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An innovative design by Stewart Hollenstein in association with Colin Stewart Architects has beaten over 160 submissions from over 29 countries and four shortlisted entrants to win the Green Square Library and Plaza competition, announced by the City of Sydney this morning.
The competition followed a two-stage format, and called for a “functional, flowing space” between the library and plaza, with consideration for the site’s heritage value, opportunities for public installations and easy access, in addition to “good value for money”.
Redefining the traditional idea of a library, the winning design fuses a range of buildings with the outdoor plaza to create multiple sites for a number of uses. With part of the design below ground, the scheme includes an amphitheatre, a storytelling garden, a water play zone and wide open spaces for festivals and public usage.
Punctuated by ‘pop-up’ and ‘cut-out’ elements at Plaza level, the single-level library won over the jury with its efficiency of planning. Stewart Hollenstein + Colin Stewart Architects’ design beat the likes of John Wardle Architects, JPE Design Studio, Felix Laboratories and Flannery & de la Pole (UK) in winning the competition.
“We are absolutely thrilled and the nicest part is that this is a concept we are absolutely passionate about because it puts people above everything,” said Felicity Stewart, co-founder of Stewart Hollenstein along with former university colleague Matt Hollenstein. Both in their late 20s, the principals of Stewart Hollenstein have established an emerging practice, and teamed with Felicity’s father, architect Colin Stewart, to conceive the winning design.
“It was the only scheme to challenge the notion of placing a building in the Plaza, managing to put forward a strong argument for placing the Plaza over the Library, thereby providing both a building and a suitably scaled urban plaza for the future developments around the site, becoming a beacon and an oasis for the whole Green Square community,” stated the jury in their official report.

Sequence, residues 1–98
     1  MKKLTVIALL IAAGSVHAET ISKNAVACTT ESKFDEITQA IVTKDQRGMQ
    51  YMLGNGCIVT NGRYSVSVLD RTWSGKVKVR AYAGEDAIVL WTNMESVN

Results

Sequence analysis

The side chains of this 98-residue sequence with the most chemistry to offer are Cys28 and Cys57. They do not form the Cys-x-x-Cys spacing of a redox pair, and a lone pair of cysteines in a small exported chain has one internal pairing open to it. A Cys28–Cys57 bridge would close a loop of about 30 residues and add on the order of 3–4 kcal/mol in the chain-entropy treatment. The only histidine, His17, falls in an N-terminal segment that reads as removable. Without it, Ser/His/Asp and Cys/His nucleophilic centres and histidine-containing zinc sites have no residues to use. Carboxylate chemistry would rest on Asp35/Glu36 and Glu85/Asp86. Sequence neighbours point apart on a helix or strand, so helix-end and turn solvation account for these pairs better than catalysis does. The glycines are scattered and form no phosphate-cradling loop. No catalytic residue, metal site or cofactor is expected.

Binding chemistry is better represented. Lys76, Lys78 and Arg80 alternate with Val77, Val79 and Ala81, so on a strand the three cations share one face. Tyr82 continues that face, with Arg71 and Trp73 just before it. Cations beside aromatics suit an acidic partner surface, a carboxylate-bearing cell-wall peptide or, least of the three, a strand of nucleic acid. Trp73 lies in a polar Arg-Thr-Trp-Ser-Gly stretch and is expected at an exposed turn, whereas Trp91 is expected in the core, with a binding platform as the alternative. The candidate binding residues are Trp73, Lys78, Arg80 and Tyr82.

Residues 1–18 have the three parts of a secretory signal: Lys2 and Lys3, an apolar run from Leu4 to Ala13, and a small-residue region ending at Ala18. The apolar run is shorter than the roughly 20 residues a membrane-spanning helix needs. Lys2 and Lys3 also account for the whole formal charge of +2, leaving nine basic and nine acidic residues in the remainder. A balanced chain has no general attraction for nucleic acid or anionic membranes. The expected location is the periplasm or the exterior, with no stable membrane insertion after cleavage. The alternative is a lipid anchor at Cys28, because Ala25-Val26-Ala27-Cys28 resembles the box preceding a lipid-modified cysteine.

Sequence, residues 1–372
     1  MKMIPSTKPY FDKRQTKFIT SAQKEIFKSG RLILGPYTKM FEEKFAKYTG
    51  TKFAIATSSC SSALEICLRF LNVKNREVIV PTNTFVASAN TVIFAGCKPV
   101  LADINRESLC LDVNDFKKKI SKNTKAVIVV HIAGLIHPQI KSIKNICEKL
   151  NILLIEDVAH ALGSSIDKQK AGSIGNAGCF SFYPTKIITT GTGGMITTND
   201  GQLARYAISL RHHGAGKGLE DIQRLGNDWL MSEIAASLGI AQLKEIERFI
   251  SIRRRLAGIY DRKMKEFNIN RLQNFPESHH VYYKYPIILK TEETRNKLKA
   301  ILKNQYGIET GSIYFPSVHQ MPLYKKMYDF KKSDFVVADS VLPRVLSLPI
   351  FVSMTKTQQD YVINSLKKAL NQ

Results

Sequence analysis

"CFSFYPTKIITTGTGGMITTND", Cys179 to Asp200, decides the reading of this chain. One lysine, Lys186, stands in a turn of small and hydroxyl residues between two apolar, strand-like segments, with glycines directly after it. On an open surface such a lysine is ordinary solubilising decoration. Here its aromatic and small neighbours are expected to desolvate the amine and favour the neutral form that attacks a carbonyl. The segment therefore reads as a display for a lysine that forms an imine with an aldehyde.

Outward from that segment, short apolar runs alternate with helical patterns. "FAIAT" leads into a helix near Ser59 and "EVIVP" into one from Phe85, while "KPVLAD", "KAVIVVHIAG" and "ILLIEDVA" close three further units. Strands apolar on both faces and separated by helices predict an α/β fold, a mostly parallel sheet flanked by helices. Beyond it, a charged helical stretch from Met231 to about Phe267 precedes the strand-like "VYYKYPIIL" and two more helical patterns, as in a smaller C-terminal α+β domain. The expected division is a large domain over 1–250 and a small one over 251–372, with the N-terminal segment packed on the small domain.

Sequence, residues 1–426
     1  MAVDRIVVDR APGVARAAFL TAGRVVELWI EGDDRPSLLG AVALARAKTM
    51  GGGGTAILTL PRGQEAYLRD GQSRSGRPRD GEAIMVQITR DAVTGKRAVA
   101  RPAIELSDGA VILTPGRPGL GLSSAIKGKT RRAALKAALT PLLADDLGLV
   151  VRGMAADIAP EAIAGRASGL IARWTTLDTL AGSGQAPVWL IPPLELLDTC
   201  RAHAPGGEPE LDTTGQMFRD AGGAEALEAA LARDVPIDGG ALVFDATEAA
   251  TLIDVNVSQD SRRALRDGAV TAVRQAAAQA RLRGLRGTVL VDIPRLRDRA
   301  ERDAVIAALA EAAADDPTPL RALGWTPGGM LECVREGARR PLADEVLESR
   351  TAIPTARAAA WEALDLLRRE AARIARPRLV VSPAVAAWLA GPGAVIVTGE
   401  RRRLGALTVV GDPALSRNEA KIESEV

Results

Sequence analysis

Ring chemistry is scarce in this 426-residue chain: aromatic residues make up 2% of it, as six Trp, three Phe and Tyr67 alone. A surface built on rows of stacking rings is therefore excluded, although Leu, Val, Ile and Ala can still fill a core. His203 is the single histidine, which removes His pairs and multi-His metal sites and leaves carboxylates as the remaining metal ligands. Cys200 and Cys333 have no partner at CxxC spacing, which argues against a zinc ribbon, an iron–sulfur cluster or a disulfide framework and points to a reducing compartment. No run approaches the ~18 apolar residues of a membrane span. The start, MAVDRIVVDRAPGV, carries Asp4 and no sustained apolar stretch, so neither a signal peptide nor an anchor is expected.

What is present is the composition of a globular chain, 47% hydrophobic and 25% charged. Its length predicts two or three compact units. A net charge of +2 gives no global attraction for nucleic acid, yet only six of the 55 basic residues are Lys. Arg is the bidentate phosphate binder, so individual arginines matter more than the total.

The jury, chaired by architect John Denton, consisted of architect Glenn Murcutt AO, American urban designer/landscape architect George Hargreaves, architect Rachel Neeson, librarian Sharan Harvey and buildability expert Stuart McCreery.
Jury chair John Denton said in a video posted by the City of Sydney that the winners “made a very bold step, which was to put [the library] essentially beneath ground – not completely beneath ground, but at a low level so that the open space could flow up over the top of the space and create a large open space. Basically [the winning design] gives the space back to Sydney; back to Green Square.”
Expected to draw a patronage of between 1000 and 1500 people per day, the Green Square Library and Plaza development is an $8 billion dollar project that hopes to act as a catalyst for residential and commercial development in the precinct. Within two decades, the 278-hectare site is expected to house 40,000 people – equivalent to the entire population of Dubbo.
“The City of Sydney have been able to put a competition together that has drawn people from all over the world to submit, and out of it we’ve got a local winner,” says Glenn Murcutt. “[The winning design] is not only a superb solution – it is going to be a wonderful scheme and a wonderful place to be for the people of Green Square.”
The City of Sydney has allocated $25 million for the library works, and a further $15 million for the public domain and plaza. Refinement of the design will continue this year, with construction planned to finish in 2017.
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